Birdy13


Latest posts by Birdy13

Garden Gallery 2013

Posted: 01/06/2013 at 17:52

 

http://s4.gardenersworld.com/uploads/images/original/24544.jpg?width=360&height=350&mode=max

 

 

Plant ID please

Posted: 01/06/2013 at 12:43

Thanks hollytree - I sometimes pot them up and half sink them into a bit of spare earth and watch them from there. That's how I saved Chives, thinking they might be grass, and another flower which self seeds everywhere but whose name I can't remember - might be Aqualegia (tall, thin strong stalks? With blueish, purplish or pinkish flowers?)

Saved some weeds like that once - all that TLC and they refused to even try to help by being 'proper' plants! 

Garden Gallery 2013

Posted: 01/06/2013 at 12:25

Now you can just stop that Fairygirl! 

Garden Gallery 2013

Posted: 01/06/2013 at 12:21

Yes Gardeningfantic - they can be the right way up before Submit and wrong after, and  sometimes the wrong way up before Submitting so I hope Submit will right them - and it doesn't.

Also, I don't seem to have any icon for turning the photos round in the discussion window before Submitting. Maybe it's something to do with using an iPad.

Don't join our lovely forum friends in wasting any more  energy on it - I will sort it eventually.

Garden Gallery 2013

Posted: 01/06/2013 at 12:08

Daisyheadcase - welcome to Topsyturvy Land and ignore Fairygirl's quip about Australia. I suspect she just doesn't know how to invert a good photo!

I've got a lovely bunch of ... (Now stop that you lot at the back) ... peonies in my back garden! I might even send you all a photo when they are in full bloom ( or, if you are all good I won't!)

This year I actually managed to remember to let them grow through one of those circular grids on sticks. They are at least supported should bad weather strike again.

You know what it can be like: a beautiful show of peonies in full bloom, completely ruined by rain because they are unable to support their own waterlogged weight. Well, although I am not complacently convinced they are immune to rain, touch wood, mine will hopefully be able to stay up a bit longer than usual. 

Garden Gallery 2013

Posted: 31/05/2013 at 23:17

Thanks John - turn out the light please

Garden Gallery 2013

Posted: 31/05/2013 at 23:15

Zzzzzzzz!

Garden Gallery 2013

Posted: 31/05/2013 at 23:08

Nutcutlet - I didn't hear that! 

And, no you wouldn't! 

I'm done for the day. Night night everyone

Garden Gallery 2013

Posted: 31/05/2013 at 23:06
John Harding wrote (see)

Are you going to Gardeners World Live at NEC on 12-16th June? If so you could put a question re this to Anne Swithinbank or Matt Biggs. I've booked and received an email form to put questions to Anne & Matt prior to the event so if you are going too you could submit the question. If you're not I could submit it for you as I'm booked to see Anne & Matt's 'Grow Your Own' presentation on the 12th June. (I'd be interested to learn the answer in case my tree suffers the same way). I'm guessing but it could be the really bad weather we had last year - We had hardly any apples last year as frosts in late April early May killed off the blossom on the Apple and Cherry tree. It also killed of a miniature Peach tree.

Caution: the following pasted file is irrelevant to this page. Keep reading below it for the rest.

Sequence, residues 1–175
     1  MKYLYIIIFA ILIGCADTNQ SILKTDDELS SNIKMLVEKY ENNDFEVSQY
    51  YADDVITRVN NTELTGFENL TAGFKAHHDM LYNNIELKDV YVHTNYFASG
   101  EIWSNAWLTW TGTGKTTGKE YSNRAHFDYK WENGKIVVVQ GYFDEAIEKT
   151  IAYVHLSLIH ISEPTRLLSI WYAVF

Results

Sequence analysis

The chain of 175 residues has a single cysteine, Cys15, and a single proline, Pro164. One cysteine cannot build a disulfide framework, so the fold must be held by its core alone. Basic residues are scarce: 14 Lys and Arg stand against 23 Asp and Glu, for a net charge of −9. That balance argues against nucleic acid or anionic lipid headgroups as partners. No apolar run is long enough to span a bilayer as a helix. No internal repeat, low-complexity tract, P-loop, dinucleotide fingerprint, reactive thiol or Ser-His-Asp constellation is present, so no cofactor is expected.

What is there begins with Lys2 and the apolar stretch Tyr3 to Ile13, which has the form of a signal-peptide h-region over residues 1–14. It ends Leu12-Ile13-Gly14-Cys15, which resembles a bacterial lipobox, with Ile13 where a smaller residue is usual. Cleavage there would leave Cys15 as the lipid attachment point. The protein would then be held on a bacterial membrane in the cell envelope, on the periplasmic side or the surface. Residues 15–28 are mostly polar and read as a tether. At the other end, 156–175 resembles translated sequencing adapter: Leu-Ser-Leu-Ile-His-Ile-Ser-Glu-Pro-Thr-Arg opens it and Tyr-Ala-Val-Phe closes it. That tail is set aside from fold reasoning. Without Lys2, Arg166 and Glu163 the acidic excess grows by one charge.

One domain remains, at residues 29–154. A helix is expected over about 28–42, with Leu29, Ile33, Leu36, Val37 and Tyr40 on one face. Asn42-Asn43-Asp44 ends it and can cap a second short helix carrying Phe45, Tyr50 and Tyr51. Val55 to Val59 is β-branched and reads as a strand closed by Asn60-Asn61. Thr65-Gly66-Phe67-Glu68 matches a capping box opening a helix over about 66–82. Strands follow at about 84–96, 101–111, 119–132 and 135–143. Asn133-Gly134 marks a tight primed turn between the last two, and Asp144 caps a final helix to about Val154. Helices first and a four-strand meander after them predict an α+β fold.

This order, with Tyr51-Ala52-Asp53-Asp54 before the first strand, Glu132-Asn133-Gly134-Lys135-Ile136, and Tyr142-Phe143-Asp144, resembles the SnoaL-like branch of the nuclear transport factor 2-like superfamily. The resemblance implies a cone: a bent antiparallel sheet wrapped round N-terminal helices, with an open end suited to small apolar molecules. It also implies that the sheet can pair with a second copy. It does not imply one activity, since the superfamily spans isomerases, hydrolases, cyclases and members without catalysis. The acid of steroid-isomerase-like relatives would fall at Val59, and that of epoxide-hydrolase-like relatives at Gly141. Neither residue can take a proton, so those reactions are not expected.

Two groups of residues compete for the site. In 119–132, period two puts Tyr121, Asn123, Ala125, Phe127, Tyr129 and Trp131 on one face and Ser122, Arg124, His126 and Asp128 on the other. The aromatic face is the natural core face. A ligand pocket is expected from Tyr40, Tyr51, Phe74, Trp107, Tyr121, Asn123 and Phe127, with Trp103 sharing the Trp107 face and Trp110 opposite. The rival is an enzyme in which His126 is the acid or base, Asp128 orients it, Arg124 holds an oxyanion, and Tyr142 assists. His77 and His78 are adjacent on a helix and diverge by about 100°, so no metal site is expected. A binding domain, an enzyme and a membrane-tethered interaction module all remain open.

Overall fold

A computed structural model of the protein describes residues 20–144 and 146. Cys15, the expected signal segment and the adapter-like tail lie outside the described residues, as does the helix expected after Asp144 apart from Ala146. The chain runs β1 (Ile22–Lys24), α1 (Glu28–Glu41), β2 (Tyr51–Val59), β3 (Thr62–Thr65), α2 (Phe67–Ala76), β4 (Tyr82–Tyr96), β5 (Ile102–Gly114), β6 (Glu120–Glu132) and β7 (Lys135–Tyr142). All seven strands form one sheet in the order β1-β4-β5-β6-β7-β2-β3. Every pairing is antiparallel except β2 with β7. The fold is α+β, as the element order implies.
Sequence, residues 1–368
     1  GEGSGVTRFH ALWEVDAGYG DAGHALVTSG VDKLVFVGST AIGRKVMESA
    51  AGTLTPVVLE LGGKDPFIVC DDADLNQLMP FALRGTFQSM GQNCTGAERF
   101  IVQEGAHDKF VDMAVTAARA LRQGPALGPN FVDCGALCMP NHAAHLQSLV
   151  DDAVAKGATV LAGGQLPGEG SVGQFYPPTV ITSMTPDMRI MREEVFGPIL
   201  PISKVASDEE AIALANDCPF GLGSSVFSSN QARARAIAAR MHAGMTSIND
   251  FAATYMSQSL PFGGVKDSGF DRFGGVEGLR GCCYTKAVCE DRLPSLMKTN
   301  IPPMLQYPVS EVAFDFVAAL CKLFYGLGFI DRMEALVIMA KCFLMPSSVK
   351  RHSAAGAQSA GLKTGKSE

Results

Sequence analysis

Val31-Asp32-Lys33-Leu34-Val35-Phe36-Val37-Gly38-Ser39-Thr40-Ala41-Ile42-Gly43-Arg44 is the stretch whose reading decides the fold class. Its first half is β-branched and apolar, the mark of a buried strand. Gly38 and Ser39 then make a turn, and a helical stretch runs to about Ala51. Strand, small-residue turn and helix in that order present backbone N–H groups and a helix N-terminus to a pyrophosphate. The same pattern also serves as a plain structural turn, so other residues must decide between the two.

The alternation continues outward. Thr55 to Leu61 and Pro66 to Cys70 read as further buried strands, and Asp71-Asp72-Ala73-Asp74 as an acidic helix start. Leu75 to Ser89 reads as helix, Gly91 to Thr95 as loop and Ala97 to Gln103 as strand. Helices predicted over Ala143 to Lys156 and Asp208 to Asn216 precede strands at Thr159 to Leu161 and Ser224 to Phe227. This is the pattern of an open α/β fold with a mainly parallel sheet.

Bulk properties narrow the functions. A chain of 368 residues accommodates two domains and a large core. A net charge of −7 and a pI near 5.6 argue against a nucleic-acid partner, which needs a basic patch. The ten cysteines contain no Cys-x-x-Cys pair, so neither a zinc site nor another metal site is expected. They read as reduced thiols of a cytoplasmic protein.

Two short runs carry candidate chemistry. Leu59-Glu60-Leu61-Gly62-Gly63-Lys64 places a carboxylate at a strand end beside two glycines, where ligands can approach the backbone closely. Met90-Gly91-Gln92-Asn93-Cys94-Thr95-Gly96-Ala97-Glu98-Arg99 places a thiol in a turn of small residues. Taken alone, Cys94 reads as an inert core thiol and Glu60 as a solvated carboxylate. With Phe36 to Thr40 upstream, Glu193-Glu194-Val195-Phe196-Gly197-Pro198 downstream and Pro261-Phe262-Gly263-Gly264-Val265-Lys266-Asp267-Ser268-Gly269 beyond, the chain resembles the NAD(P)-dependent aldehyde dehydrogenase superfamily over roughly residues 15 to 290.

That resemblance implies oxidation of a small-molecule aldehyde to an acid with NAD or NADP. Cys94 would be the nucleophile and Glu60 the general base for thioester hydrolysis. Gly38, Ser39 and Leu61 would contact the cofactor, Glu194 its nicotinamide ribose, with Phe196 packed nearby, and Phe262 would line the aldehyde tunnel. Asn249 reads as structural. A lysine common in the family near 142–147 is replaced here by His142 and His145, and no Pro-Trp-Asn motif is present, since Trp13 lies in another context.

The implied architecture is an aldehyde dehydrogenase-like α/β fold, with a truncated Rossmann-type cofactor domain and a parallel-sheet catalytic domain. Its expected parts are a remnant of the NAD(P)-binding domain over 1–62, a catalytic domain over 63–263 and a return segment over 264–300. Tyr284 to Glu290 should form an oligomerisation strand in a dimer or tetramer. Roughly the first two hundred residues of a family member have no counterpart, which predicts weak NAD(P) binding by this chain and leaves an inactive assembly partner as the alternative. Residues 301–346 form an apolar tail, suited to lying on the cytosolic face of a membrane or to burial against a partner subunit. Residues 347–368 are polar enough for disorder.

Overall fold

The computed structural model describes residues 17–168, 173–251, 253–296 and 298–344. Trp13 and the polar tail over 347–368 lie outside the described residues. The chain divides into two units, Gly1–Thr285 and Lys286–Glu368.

John - was your above question related to my reference to the James Grieve apple and the "bitter pit"  condition? If so, I'm afraid I'm not expecting to attend the NEC event but it might be worth asking about the James Grieve.

My son-in-law said he thought the condition might indicate the need for better feeding but who knows? We fed it with potash last year (watered in) and possibly some other feeds (I can't remember now) but the brown flecks were still in many of the fruit. What is interesting (amateur sleuth appearing here) is that some apples escaped the condition. Now how could that happen? Pest rather than disease?

Garden Gallery 2013

Posted: 31/05/2013 at 22:49
http://s4.gardenersworld.com/uploads/images/original/24491.jpg?width=360&height=350&mode=max

 Hibiscus - oiseau bleu

http://s4.gardenersworld.com/uploads/images/original/24494.jpg?width=360&height=350&mode=max

 Hibiscus - monstrosus

http://s4.gardenersworld.com/uploads/images/original/24495.jpg?width=360&height=350&mode=max

 Cistus pulverulentus (sunset) - complete with the fleece that (eventually) saved its life. All the above were left unprotected from the terrible winter we had. Once I realised the damage being caused I kept the Cistus under fleece and only after the worst frosts were over did I perform remedial surgery on all three shrubs ( pruning like for a rose).

The cistus's leaves had almost all become brown. I cut off these that were completely 'burnt' by the frost as well as pruning back to outward facing buds. I fed them all with liquid feed.

I was amazed and so gratified when some weeks later I found a lot of the half browned Cistus leaves had recovered their green and started to look normal again. I didn't know that could happen - they looked too far gone. I now think the plant is going to flower as beautifully as it did last year.

Both Hibiscus (Hibisci?) looked so dead I almost scopped them out  then I thought of renewing most of the compost, pruning (after the worst frosts) and feeding.

(Obvious really) Now look at them!

(if these pix are wrong way up please pretend you haven't noticed)

Discussions started by Birdy13

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Fern flourished through mild winter.

What should I do about fern whose foliage has not died down as normal? 
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Can't find toolbars, icons or post photo?

Absence of necessary Toolbars 
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Last Post: 25/07/2013 at 20:47

Cistus pulverulentus (sunset)

Frost damaged - should I cut back 
Replies: 5    Views: 1285
Last Post: 17/07/2013 at 14:33
8 threads returned